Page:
A first step in characterizing a protein often involves determining its molecular weight. From this information, different proteins may be compared and the number of amino acid residues in a protein can be determined. Here, students determine the molecular weight of two unknown proteins by comparing their electrophoretic migration with the migration of standard proteins. The protein standards and unknowns have been pre-stained so that your students can follow their
progress during the separation.
SDS gel electrophoresis is used extensively to separate and identify denatured proteins. However, because this method relies on protein size alone, little information about proteins with the same molecular weight can be obtained. Peptide mapping is one of a number of techniques used to study the relatedness of similarly sized proteins. With this method, proteases are used to cut proteins into smaller peptide fragments and the fragments derived from two or more proteins are compared.
The Western blotting procedure is rapidly replacing conventional methods for identifying and characterizing specific proteins in complex protein mixtures. This technique is used extensively for this purpose in the research laboratory and is increasingly being used in diagnostic medicine for detecting proteins of disease agents. Here, students will perform this technique to examine the evolutionary distance between different mammals.
Purified proteins are often needed in the basic research laboratory and for diagnostic and therapeutic procedures. An effective technique for protein purification is affinity chromatography, which exploits a specific interaction between a protein and a complementary binding molecule. In this exercise, students isolate albumin from horse serum by affinity chromatography using a column matrix containing a reactive blue dye, which binds specifically to the albumin molecule. They then use electrophoresis to analyze the isolated protein in order to verify the effectiveness of the procedure.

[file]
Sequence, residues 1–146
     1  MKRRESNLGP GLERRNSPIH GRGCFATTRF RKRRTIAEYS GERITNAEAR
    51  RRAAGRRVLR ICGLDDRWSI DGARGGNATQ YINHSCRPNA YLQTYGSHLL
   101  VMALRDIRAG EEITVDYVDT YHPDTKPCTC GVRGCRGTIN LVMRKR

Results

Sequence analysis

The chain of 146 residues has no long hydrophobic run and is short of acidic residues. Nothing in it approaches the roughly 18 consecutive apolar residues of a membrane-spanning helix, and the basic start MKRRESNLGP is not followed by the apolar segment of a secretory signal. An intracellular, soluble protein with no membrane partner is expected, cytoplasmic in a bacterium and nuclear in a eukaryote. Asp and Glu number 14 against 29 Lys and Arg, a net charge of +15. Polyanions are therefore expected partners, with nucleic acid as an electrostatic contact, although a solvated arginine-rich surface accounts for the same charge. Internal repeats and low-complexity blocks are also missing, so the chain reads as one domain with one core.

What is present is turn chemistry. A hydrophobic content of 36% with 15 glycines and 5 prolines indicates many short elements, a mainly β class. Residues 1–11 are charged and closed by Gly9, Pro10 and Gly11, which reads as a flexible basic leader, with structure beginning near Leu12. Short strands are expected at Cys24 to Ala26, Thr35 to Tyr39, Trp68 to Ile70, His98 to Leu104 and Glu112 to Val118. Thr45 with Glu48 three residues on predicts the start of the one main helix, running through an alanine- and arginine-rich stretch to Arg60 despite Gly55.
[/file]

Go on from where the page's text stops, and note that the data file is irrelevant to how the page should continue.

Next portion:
In this experiment, students prepare a protein extract from cow heart. They then determine the molecular weights of major contractile proteins by comparing their migration on SDS-polyacrylamide gels to the migration of standard proteins of known size. Students also identify and determine the molecular weight of the major proteins found in milk. This exercise requires 1 three-hour or 2 two-hour lab sessions and a table top centrifuge or microcentrifuge is required. Typical results of the exercise are shown on the gel.
The five histone molecules are the major proteins that associate with DNA to form nucleosomes. In this experiment, students isolate nuclei from chicken erythrocytes and then prepare nucleosomes from the erythrocytes by using a simple procedure that employs micrococcal nuclease. They then determine the molecular weights of the five histone proteins by comparing their migration on SDS-polyacrylamide gels to the migration of standard proteins of known size. This exercise requires a single two-three hour lab session and a microcentrifuge is required.
The primary level of chromosome structure in eukaryotes occurs when the DNA molecule is wrapped around histone proteins into particles called nucleosomes. Evidence for this “beads on a string” model is derived from nuclease digestion studies. When nuclei are incubated with micrococcal nuclease, the enzyme cleaves the linker DNA between nucleosomes (the string) but not the nucleosomal core DNA (the beads).